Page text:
Like Avatar, it can be summed up as such: "PRETTY but PREDICTABLE." Making it "PRETTY PREDICTABLE."
It's eye/ear-candy, but not... satisfying. Should we start with the positive? Ok.
JOHNNY DEPP was... a pretty nice-looking hatter. His lines and delivery sometimes was reminiscent of a Jack-Sparrow-ish tone. But crazy pirates and hatters are quite alike. He did what was required of him in that role, nothing amazing or wildly witty or dazzlingly deep.
I WAS ENTRANCED BY HIS WHITE MASCARA. Seriously. The whole movie, I was just staring at his beautiful eyelashes.
That's all. And his eyebrows. And sometimes his eyes.
so you can see --> this movie's like a glittery, alluring, wonderfully wrapped-up box. With intricate bows and beautiful little ribbons. But when you open it up----- it's just some lint, some cotton balls, maybe some spare change... some chewed gum. Not completely empty. Just... fluff.
But (smacks self)...
WHO WAS THE MAIN CHARACTER AGAIN?
(please hold while I look up the actress' name)
Mia Wasikowska. Thank you IMDB.
Apparently she's set for Jane Eyre next. I think she'll make a lovely Jane. She's perfect for that role... just not as Alice. (oh right. i'm supposed to be focusing on the positives here). Her dresses were absolutely LOVELY. [Though the shrinking/growing/changing clothes explanations did not make sense at all. The clothes sometimes shrank with her, sometimes they didn't. ok ok POSITIVE]
Alan Rickman's voice as the catepillar was quite lovely as well. It was a little hard not to think "Snape" while he spoke. But I suppose that's with all these well-known actors. Johnny Depp too.
THE CAT WAS FANTASTIC. "Ches" I believe they called him. He was about the most faithful thing to the original in the entire movie. Nice smile. Purrrrrrrrr.
-------Now for the [real] bashing:
The predictability. OH. GOD. Why tell us "Alice, you're destined to slay the Jabberwocky" in the beginning, and remind us throughout the entire movie, and then expect us to enjoy the story? It would've been nice to at least have some exciting events happen along the way, to entertain us to this predetermined ending.
The LACK OF CHARACTER DEVELOPMENT. I hate it. We don't learn anything about Alice's fiance. Or her mother. Or these random people who show up at the beginning+ending of the movie. Tweedle-dee and Tweedle-dum as well. In fact, no character was well-developed, not even Alice herself. (Mia's acting definitely contributed to this). The best developed was definitely the Hatter, since he was treated as some sort of Aslan to Wonderland. (The caterpillar as well, but he got significantly less screentime).
Anne Hathaway's hands. Sorry. Not that big of a deal. They just annoyed me, as she constantly swirled them around in the air. Her fake British accent didn't, which was strange but nice. (kudos to her)
The end feeling. Watching the entire movie felt like a trailer for the original story. I WANT THEM TO MAKE A VERSION OF THE ORIGINAL PLEASE. There were flashbacks and references... and they began the movie as a sequel, essentially, to a non-existent version (which I found so much more interesting).
Most of all, it left us asking "so what?" That's not a question to ask after Alice in Wonderland. Alice in Wonderland is philosophical. It has bits of wisdom. "An eye for an eye" as demonstrated subtly (though not executed very well) in the movie. Questioning reality vs. dreamworld. Those ideas were present. They didn't have much of an impact because the focus was the visually stimulating special effects, the OOH LA LA colors and frilly dresses.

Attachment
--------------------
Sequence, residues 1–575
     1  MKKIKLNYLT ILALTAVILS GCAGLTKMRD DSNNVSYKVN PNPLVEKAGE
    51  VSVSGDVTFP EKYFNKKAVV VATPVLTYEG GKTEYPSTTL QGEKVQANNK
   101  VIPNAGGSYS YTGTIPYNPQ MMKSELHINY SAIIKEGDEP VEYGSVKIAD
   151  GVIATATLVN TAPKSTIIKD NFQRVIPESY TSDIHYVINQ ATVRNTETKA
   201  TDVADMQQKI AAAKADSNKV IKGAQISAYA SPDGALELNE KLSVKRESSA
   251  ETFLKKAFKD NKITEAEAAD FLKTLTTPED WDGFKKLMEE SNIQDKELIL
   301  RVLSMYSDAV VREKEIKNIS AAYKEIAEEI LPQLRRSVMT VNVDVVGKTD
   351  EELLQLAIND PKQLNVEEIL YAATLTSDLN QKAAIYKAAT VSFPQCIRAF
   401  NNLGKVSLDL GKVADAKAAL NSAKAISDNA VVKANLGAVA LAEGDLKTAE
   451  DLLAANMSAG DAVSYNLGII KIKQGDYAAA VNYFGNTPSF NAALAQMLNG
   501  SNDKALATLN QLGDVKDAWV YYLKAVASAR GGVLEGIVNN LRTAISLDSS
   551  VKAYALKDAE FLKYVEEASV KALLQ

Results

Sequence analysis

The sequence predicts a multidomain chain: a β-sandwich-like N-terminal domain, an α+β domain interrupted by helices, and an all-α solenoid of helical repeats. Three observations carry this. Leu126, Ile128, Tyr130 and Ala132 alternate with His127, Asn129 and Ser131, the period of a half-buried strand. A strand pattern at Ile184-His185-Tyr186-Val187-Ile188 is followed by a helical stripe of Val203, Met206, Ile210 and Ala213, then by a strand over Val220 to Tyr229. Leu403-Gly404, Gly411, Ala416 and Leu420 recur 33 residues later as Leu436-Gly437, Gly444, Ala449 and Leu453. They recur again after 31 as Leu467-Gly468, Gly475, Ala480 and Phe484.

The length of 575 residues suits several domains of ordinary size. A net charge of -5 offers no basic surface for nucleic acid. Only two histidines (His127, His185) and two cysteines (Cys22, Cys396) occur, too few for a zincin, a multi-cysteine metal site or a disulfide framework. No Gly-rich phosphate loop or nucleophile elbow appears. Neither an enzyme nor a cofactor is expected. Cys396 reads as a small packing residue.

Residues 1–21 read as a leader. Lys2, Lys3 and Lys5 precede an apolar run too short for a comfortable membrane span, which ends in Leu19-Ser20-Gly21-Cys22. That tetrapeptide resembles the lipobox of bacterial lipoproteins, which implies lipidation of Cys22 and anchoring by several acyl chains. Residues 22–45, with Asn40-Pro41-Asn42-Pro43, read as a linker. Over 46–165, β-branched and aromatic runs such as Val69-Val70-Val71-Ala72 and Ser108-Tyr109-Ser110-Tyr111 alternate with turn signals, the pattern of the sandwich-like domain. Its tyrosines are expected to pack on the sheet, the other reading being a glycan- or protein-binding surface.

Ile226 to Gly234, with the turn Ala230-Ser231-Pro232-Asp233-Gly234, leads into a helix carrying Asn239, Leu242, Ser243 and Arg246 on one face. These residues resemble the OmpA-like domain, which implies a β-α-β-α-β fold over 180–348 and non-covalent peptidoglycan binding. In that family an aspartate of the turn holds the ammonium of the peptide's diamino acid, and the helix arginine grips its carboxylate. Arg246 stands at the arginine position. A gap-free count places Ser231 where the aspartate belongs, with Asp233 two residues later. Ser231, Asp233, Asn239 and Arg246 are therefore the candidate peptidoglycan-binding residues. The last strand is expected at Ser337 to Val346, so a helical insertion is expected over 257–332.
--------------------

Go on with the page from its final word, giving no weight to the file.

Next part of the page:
There was a bit of dialogue that struck me as strange. It sounded, word-for-word, like a script I wrote for the Godot project in lit class. SO NOW. If this movie dialogue sounds like my high school no-effort Lit script, you know it's bad.
The scene from the movie went something along the lines of:
Alice: This is all a dream. I'm going to wake up any moment now.
Hatter: A dream eh? So I do not exist?
Alice: I'm afraid so. You're just a figment of my imagination.
Hatter: That's quite sad. Though you'd have to be half-mad to dream such a half-mad character.
And my script:
WALTER: I told you. I don’t want to be here. I shouldn’t be here. I’m NOT HERE! YOU HEAR ME?
FRISBEE: So what am I? A pigment of your imagination?
WALTER: [sigh] Figment, yes.
FRISBEE: Oh. Well, that’s troubling.
WALTER: What is?
FRISBEE: Being a pig-fig-newton-fig-dammit-
WALTER: Fine, you can be.
FRISBEE: AHA! So you admit that I’m here… which means you are, too. Gotchya!
Oh goodness. How obnoxiously large this post is.
*PSST. ONE LAST THING I SWEAR. There's a technique in literature, movies, any story-telling. It's called (and this is only my name for it) echoing. Basically, as you can guess, it's repeating the same lines from the beginning of the story later on. It's supposed to be effective, bring the story full-circle and whatnot.
Burton - or the scriptwriters rather - attempted to do this. It failed.
The first time the scene took place, between Alice and her father, it was touching.
Alice: Am I mad?
Father: Yes, I'm afraid so. Off your rocker, you are. But I'll let you in on a secret.
Father: Only the best ones are.
The "echo" was Alice saying this to the Mad Hatter. Mia W-hatsherlastname failed to deliver the lines to achieve a successful full-circle effect. It was obvious that the writers attempted an "echo" there, but, like some female Olympic snowboarders on the half-pipe... they flipped and fell and FAILED. Alice was just reading lines we've heard before. There was no new meaning to these statements, which is the purpose of the echo. NEW PERSPECTIVE MAN, that's what you lacked.
okay that's it. goodnight.